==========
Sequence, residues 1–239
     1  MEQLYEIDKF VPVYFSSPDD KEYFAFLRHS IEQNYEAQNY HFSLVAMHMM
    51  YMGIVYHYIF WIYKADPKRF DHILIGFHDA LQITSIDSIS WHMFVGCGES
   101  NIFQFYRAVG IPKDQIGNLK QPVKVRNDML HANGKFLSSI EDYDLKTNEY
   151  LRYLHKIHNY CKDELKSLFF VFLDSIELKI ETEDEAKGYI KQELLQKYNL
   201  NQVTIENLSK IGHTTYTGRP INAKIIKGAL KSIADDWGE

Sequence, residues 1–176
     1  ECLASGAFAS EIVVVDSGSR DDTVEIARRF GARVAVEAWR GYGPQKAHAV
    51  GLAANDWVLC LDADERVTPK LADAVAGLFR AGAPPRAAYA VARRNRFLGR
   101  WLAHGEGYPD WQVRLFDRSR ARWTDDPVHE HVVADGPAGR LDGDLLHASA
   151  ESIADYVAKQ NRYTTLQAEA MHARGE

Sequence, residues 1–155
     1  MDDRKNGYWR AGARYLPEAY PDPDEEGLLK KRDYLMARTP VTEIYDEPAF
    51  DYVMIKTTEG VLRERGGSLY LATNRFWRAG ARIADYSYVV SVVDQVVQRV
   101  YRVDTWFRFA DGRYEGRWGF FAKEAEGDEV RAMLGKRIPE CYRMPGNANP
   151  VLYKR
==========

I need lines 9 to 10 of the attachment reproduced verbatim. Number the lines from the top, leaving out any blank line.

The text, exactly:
    51  GLAANDWVLC LDADERVTPK LADAVAGLFR AGAPPRAAYA VARRNRFLGR
   101  WLAHGEGYPD WQVRLFDRSR ARWTDDPVHE HVVADGPAGR LDGDLLHASA